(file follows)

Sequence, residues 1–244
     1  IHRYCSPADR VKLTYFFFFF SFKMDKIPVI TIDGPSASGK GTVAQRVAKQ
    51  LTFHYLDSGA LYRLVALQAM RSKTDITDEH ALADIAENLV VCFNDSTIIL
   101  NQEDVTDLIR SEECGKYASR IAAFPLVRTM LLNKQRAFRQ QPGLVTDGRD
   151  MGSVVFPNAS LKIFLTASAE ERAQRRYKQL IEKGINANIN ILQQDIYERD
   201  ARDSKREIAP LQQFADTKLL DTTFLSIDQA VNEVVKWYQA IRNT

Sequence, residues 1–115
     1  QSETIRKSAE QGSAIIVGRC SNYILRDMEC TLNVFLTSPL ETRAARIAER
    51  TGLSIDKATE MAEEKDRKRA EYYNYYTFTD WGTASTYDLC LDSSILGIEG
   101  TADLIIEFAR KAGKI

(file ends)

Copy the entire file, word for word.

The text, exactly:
Sequence, residues 1–244
     1  IHRYCSPADR VKLTYFFFFF SFKMDKIPVI TIDGPSASGK GTVAQRVAKQ
    51  LTFHYLDSGA LYRLVALQAM RSKTDITDEH ALADIAENLV VCFNDSTIIL
   101  NQEDVTDLIR SEECGKYASR IAAFPLVRTM LLNKQRAFRQ QPGLVTDGRD
   151  MGSVVFPNAS LKIFLTASAE ERAQRRYKQL IEKGINANIN ILQQDIYERD
   201  ARDSKREIAP LQQFADTKLL DTTFLSIDQA VNEVVKWYQA IRNT

Sequence, residues 1–115
     1  QSETIRKSAE QGSAIIVGRC SNYILRDMEC TLNVFLTSPL ETRAARIAER
    51  TGLSIDKATE MAEEKDRKRA EYYNYYTFTD WGTASTYDLC LDSSILGIEG
   101  TADLIIEFAR KAGKI